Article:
Daily driving charge among London emissions proposals
19 January 2022
Author: Sean Keywood
A new daily charge could be introduced for most vehicles to drive in Greater London under proposals being considered by the city's mayor.
Sadiq Khan is looking at the scheme, which would involve a 'low-level' charge for 'all but the cleanest vehicles', as a number of potential options in response to a new report on achieving net-zero emissions by 2030.
The report, commissioned by the mayor from Element Energy, states that car traffic in the city must be reduced by at least 27% by the end of the decade, and that to achieve this a new kind of road charging scheme will need to be introduced, which could replace existing charges such as the Congestion Charge and Ultra Low Emission Zone (ULEZ).
Ahead of this potential scheme, however, the mayor is considering the daily charge scheme as an interim option, alongside other possible approaches such as expanding the ULEZ, and introducing a Greater London boundary charge which would apply to non-London registered vehicles entering the capital.
The mayor and Transport for London will now conduct a consultation period about the proposals, with the aim of implementing the chosen scheme by May 2024.
The mayor said: "This new report must act as a stark wake-up call for the Government on the need to provide much greater support to reduce carbon emissions in London. It's clear the scale of the challenge means we can't do everything alone.
"But I'm not willing to stand by and wait when there's more we can do in London that could make a big difference. We simply don't have time to waste.
"The climate emergency means we only have a small window of opportunity left to reduce carbon emissions to help save the planet, and, despite the world-leading progress we have made over the last few years, there is still far too much toxic air pollution permanently damaging the lungs of young Londoners."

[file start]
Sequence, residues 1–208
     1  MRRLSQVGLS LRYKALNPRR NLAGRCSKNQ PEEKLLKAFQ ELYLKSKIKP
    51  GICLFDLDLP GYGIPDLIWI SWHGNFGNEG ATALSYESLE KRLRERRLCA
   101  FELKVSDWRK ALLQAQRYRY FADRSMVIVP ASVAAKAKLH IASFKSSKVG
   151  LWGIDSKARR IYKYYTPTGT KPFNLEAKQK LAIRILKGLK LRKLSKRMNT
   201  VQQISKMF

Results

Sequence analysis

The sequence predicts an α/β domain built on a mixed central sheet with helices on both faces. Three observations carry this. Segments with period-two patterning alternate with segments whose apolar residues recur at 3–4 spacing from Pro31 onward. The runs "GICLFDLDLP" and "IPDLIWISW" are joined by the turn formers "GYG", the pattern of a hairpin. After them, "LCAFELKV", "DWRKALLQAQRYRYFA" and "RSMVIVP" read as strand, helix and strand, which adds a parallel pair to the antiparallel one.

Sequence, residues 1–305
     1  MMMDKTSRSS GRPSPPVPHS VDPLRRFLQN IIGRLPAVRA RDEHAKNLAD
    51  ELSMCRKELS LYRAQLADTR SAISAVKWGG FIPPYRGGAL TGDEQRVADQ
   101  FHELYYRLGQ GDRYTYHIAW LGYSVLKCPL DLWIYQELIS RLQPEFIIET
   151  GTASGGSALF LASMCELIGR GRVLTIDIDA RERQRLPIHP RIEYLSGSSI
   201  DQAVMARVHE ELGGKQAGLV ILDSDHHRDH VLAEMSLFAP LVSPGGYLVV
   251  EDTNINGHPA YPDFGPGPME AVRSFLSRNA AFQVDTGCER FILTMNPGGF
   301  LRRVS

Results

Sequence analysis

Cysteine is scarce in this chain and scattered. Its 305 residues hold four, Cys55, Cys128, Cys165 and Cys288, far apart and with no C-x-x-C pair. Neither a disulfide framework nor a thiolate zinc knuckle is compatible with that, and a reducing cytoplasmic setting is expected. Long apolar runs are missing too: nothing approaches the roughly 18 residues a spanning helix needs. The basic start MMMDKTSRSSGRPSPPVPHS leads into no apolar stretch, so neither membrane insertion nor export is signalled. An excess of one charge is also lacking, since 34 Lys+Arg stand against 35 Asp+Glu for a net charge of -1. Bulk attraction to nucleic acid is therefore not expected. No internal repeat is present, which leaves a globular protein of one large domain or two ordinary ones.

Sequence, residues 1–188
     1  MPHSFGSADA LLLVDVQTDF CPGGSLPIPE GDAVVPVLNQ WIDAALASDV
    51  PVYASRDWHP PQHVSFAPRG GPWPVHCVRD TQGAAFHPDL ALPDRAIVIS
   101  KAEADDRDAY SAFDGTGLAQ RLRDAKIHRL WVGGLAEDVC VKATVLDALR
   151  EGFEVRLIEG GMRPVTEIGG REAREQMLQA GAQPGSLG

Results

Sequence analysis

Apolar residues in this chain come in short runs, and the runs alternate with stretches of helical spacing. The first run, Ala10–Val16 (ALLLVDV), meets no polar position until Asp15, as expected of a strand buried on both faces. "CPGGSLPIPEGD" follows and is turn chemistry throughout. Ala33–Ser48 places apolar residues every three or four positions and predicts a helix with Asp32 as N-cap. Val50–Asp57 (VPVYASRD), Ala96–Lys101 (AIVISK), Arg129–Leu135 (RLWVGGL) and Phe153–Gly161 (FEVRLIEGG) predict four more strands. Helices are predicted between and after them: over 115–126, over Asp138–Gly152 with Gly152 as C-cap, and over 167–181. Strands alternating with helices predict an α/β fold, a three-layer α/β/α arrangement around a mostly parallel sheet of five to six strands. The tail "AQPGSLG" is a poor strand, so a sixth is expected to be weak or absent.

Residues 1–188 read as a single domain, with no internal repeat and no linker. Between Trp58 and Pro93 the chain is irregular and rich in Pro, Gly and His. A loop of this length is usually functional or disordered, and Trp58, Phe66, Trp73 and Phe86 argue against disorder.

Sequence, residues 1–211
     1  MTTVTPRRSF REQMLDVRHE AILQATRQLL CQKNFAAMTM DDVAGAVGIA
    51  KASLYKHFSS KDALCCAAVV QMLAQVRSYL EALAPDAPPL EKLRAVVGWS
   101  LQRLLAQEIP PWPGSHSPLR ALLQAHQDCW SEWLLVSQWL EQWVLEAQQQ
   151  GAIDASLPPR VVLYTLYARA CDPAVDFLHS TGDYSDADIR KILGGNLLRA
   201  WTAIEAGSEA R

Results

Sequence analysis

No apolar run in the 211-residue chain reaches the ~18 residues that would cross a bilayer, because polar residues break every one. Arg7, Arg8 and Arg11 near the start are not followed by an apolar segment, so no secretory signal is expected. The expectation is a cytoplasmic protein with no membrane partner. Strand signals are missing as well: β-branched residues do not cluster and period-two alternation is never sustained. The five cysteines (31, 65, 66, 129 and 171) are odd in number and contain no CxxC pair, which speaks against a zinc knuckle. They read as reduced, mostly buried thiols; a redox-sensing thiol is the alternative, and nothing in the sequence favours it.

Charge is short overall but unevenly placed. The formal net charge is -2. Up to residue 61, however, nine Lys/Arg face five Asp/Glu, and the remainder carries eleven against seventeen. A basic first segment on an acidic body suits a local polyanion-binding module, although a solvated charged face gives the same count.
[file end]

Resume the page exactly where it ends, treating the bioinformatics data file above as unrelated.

Reacting to the announcement, BVRLA chief executive Gerry Keaney said: "We welcome the Mayor of London taking the initiative with these plans, which complement the BVRLA's ongoing support for shared mobility models and a clear roadmap for road pricing.
"Importantly, this announcement gives the industry time to implement the changes that are essential to making the targets reality.
"London does not only have an emissions problem, it has a congestion problem too. We need fewer, cleaner private cars on the road. Car clubs, alongside rental and leased vehicles provide the solution to this while keep people mobile and offering positive alternatives to public transport."
Keaney said BVRLA members were already providing answers to the problems faced by London and other cities with the likes of electric car clubs and zero-emission delivery vehicles.
He added: "Our members will play an essential role in the success of these plans and will have invaluable insights that will help the mayor deliver; we need to be at the table and ensure our voices are heard."
Giving a more critical reaction, RAC head of roads policy Nicholas Lyes said: "These proposals would create massive financial challenges for individuals, families and businesses who run a car in London and even for those who visit the fringes of the capital.
"We all want to see cleaner air and cleaner vehicles on the road and it's right the mayor has ambitions to reduce emissions from road transport but these proposals could be beyond the means of many and will punish those who simply cannot afford an electric car. Our research suggests fewer than a third of drivers in London expect to switch to an electric vehicle within the next five years, and at the same time the mayor himself cannot commit to a zero-emission TfL bus fleet until 2037.
"Worse still, proposals to charge vehicles outside of London to enter the boundary is likely to impact hardest on workers such as carers, tradespeople and night-time economy staff for whom there is no alternative to using a vehicle.
"At a time when the basic cost of living for Londoners is soaring, these proposals seem to be poorly timed, so we strongly urge the mayor to think again instead of defaulting to extracting more money from the pockets of London's drivers."
The report highlights how, between 2000 and 2018, London saw a 57% reduction in workplace greenhouse gas emissions, and a 40% reduction in home emissions, but just a 7% reduction in transport emissions.
It says that more than a third of car trips in London could be walked in less than 25 minutes, and that two-thirds could be cycled in less than 20 minutes.
While the current ULEZ and the London Low Emission Zone are expected to lead to a 5% fall in CO2 emissions and a 40% fall in nitrogen oxide emissions, it says they are not nearly enough to meet future targets.